Quarterly Review 2241

Revisionist History: How Data Revisions Distort Economic Policy Research

David E. Runkle | Senior Economist

Fall 1998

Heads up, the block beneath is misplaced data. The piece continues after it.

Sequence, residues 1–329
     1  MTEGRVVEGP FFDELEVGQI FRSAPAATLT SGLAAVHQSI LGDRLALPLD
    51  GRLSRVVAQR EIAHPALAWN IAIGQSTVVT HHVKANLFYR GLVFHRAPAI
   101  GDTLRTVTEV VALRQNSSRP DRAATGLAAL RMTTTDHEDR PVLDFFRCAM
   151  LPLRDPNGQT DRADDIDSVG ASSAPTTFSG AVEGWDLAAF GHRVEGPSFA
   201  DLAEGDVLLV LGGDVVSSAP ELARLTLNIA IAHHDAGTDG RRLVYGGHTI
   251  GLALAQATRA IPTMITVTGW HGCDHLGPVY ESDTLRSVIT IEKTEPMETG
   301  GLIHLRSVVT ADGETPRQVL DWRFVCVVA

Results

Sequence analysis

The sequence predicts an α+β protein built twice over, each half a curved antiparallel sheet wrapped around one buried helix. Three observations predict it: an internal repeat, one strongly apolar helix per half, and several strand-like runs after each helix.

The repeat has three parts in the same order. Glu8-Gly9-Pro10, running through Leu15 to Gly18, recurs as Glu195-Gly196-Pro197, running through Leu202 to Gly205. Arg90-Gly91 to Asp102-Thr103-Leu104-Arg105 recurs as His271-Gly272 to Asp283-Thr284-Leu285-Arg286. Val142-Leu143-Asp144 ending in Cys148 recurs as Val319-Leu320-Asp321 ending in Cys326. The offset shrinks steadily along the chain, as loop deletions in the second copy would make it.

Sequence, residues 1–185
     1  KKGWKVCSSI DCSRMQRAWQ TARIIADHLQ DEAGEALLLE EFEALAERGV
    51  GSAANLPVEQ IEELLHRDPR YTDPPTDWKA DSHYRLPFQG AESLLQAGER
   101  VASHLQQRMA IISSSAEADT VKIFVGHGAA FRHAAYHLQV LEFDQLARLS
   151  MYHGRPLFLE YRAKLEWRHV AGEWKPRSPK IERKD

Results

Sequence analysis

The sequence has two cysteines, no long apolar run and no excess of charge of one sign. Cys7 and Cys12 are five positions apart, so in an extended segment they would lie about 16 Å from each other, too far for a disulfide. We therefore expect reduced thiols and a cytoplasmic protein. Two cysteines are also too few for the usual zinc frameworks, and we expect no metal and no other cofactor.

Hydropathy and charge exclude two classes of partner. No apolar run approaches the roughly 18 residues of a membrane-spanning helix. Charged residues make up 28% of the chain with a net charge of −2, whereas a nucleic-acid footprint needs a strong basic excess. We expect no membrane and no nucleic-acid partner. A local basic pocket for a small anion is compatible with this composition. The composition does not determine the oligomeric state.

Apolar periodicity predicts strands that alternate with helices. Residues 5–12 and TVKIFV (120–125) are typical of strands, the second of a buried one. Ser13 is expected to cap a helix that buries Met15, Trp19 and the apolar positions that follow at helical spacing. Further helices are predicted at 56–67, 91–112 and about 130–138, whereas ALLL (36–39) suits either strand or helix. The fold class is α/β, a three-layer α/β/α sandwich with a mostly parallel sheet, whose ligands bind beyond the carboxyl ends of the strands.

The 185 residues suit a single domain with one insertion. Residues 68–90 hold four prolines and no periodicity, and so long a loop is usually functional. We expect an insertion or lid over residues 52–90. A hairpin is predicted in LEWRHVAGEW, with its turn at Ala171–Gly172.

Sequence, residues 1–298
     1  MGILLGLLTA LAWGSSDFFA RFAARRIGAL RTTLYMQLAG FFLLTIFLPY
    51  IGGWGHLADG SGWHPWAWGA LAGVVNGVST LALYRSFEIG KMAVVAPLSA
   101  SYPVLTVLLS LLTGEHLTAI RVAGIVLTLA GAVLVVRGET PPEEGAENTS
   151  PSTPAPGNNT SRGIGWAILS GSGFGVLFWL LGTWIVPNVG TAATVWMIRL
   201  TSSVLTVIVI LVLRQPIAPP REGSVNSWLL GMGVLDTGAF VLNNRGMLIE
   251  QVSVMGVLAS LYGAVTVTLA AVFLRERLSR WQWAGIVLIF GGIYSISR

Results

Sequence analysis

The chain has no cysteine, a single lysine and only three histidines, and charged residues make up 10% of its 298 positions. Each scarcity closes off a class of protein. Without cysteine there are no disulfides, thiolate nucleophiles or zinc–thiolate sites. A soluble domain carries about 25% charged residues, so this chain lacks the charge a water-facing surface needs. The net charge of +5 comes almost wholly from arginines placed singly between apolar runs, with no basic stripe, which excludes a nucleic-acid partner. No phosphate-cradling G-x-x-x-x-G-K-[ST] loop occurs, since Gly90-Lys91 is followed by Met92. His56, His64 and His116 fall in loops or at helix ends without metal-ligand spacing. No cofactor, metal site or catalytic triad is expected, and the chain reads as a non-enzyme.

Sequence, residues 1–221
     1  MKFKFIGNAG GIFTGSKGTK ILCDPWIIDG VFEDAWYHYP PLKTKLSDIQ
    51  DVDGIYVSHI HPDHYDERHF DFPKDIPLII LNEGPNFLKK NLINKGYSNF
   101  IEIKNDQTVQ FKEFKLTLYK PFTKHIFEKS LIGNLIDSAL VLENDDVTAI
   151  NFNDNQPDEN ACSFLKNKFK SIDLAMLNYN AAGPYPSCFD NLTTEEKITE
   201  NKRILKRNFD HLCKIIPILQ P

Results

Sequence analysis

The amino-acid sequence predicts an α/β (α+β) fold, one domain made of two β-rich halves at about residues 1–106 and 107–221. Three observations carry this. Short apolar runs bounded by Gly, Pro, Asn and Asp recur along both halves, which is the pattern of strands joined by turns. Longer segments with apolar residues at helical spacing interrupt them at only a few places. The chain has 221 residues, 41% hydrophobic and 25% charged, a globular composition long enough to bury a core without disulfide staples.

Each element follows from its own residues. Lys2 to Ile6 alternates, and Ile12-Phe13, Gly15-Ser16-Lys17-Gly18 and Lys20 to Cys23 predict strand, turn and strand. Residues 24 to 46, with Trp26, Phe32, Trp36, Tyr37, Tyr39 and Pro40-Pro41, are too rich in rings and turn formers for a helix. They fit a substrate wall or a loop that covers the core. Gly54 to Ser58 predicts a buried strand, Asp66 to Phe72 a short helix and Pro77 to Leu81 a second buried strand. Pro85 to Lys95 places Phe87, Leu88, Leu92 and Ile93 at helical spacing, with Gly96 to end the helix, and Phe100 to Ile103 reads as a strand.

This article describes how and why official U.S. estimates of the growth in real economic output and inflation are revised over time, demonstrates how big those revisions tend to be, and evaluates whether the revisions matter for researchers trying to understand the economy’s performance and the contemporaneous reactions of policymakers. The conclusion may seem obvious, but it is a point ignored by most researchers: To have a good chance of understanding how policymakers make their decisions, researchers must use not the final data available, but the data available initially, when the policy decisions are actually made.

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